Why then, send this young woman to prison? A young woman who will never teach again (because our society is not good at forgiveness) and who needs, and should get mental health support. Prison will simply make this young woman’s attempt to get her life back on track more difficult. Is that justice? Is that in society’s best interests? The answer to both questions is a resounding No.

To send this young woman to jail for crimes that on a scale of one to ten are down the lower end simply reinforces the point made earlier. Ms Vercoe has been made an example of — she has been banished from society just the way women over thousands of years have been shunned by their communities for breaking the sexual morality code.

One final point. It seems that we need to rethink our attitudes to young people today. Many of those, including those in our legal system, who have condemned Ms Vercoe take a view that 15 and 16 year old school boys and school girls for that matter are blissfully naïve and innocent about the ways of the world. That might have been right thirty years ago, but not today.

As a society we allow our young people today to be exposed to a range of media and experiences that are highly sexualised. As a result, young people in western society have a greater grasp on sexual concepts and practices than at any previous time in history.

Ms Vercoe’s treatment says more about our hypocrisy and archaic morality than it does about her alleged misdemeanour.

This article was first published in The Mercury, Monday, September 26.

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2 Comments

2 Comments

  1. Geoff Rollins

    October 2, 2005 at 9:26 am

    Geoffrey Hills’ detailed comments on Greg Barns’ article is wholly correct in my view.

    I’ll go on to say that whilst I totally endorse Barns’ somewhat abstract comments on child health, obesity and so on, I thoroughly disagree with the direction of the rest of the article.

    I do not care if Vercoe was “lost, sad and lonely. You perceived yourself as professionally ostracised and your marriage was breaking down. You had been a teacher for just a year and was not coping with difficulties being experienced. You found the move from student to teacher difficult.” Absolutely none of this excuses having sex with students as young as 15. Teachers hold one of the most important roles in society and must be held to account should they abuse their position of power, regardless of the extent to which the victim is effected.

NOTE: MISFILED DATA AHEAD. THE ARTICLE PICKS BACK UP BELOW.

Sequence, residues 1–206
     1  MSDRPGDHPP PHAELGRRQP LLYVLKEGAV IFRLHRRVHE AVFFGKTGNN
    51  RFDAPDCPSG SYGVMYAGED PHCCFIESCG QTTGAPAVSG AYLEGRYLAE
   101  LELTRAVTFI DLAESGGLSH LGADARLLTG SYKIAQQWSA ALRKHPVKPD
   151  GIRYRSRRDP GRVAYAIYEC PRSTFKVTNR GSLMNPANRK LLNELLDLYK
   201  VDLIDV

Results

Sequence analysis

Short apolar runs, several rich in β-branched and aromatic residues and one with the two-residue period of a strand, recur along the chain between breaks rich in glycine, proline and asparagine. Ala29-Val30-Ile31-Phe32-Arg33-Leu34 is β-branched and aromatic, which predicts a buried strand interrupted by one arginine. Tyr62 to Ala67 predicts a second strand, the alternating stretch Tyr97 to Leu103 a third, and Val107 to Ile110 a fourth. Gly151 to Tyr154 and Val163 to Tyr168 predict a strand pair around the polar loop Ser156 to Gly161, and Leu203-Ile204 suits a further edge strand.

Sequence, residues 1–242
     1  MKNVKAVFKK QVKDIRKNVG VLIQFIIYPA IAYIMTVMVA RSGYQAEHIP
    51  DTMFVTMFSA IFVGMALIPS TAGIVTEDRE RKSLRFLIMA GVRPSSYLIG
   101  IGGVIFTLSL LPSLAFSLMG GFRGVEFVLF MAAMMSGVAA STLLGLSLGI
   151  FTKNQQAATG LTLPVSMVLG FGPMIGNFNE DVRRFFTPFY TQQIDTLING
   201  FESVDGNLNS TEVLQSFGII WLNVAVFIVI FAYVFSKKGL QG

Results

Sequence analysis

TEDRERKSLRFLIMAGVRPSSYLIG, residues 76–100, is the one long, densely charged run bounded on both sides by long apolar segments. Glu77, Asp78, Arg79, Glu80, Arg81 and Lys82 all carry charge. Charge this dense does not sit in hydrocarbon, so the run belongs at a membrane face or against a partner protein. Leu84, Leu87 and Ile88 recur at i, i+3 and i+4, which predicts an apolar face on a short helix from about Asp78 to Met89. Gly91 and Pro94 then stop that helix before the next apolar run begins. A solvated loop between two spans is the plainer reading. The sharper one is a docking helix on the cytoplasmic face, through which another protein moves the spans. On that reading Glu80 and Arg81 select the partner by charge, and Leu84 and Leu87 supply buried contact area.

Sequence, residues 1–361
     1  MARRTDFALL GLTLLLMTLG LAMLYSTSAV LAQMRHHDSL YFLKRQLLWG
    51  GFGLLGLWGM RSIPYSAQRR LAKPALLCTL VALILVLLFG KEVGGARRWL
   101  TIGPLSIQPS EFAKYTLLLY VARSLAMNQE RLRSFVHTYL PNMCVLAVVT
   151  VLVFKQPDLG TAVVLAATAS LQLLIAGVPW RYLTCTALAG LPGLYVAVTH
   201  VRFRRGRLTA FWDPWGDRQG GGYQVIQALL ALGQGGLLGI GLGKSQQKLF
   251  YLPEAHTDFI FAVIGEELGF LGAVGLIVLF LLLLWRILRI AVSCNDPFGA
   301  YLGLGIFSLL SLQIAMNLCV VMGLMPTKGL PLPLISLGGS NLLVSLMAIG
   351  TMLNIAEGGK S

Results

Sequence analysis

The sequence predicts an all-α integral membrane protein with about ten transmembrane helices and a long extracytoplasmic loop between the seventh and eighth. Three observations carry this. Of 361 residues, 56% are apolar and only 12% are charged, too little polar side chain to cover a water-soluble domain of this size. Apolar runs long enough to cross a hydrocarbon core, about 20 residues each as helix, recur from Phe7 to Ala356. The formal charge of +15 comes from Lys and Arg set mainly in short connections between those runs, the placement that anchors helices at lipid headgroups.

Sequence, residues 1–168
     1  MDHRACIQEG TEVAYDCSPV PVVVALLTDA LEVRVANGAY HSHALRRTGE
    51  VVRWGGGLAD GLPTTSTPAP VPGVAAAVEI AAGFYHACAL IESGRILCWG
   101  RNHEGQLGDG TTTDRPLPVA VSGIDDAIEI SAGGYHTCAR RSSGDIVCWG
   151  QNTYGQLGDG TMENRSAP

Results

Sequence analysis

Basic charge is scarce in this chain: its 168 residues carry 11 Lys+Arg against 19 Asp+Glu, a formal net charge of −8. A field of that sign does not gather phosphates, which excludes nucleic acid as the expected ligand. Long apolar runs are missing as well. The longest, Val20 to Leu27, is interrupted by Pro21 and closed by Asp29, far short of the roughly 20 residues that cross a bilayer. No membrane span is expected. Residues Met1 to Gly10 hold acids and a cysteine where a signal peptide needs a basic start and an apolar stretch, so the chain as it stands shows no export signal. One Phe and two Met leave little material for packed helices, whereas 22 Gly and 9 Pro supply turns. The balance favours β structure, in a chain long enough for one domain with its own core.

The suggestion that Vercoe was treated more harshly than a male counterpart is an utter nonsense. To further imply that it is unfortunate Vercoe will never return to teaching is extraordinary. A custodial sentence is thoroughly deserved for Vercoe’s calculated and repeated behaviour.

    Would Greg Barns also suggest that the best place for convicted child sex offender and former Victorian teacher Travis Robertson is outside of gaol as well? What are we supposed to do with these people? Give them a hug, a course in moral personal relations and a marked card and send them back to the classroom?

    Barns is right to suggest that the teenagers of today are far more worldly than 30 years ago. However, to suggest that this goes some way to lessening the actions of the teacher is just astonishing.

    Generally I enjoy Barns’ writing, but I am totally bemused by this recent rambling example.

  2. Geoffrey Hills

    October 2, 2005 at 8:44 am

    I have a few problems with Greg’s comments, although I should add a caveat that, not having access to offline media in Tasmania, I’ve not followed this case.

    I agree with the sentencing comments of Tennent J. My agreement with those comments does not arise out of some “moralistic” concern.

    Let’s nail down the issues more precisely.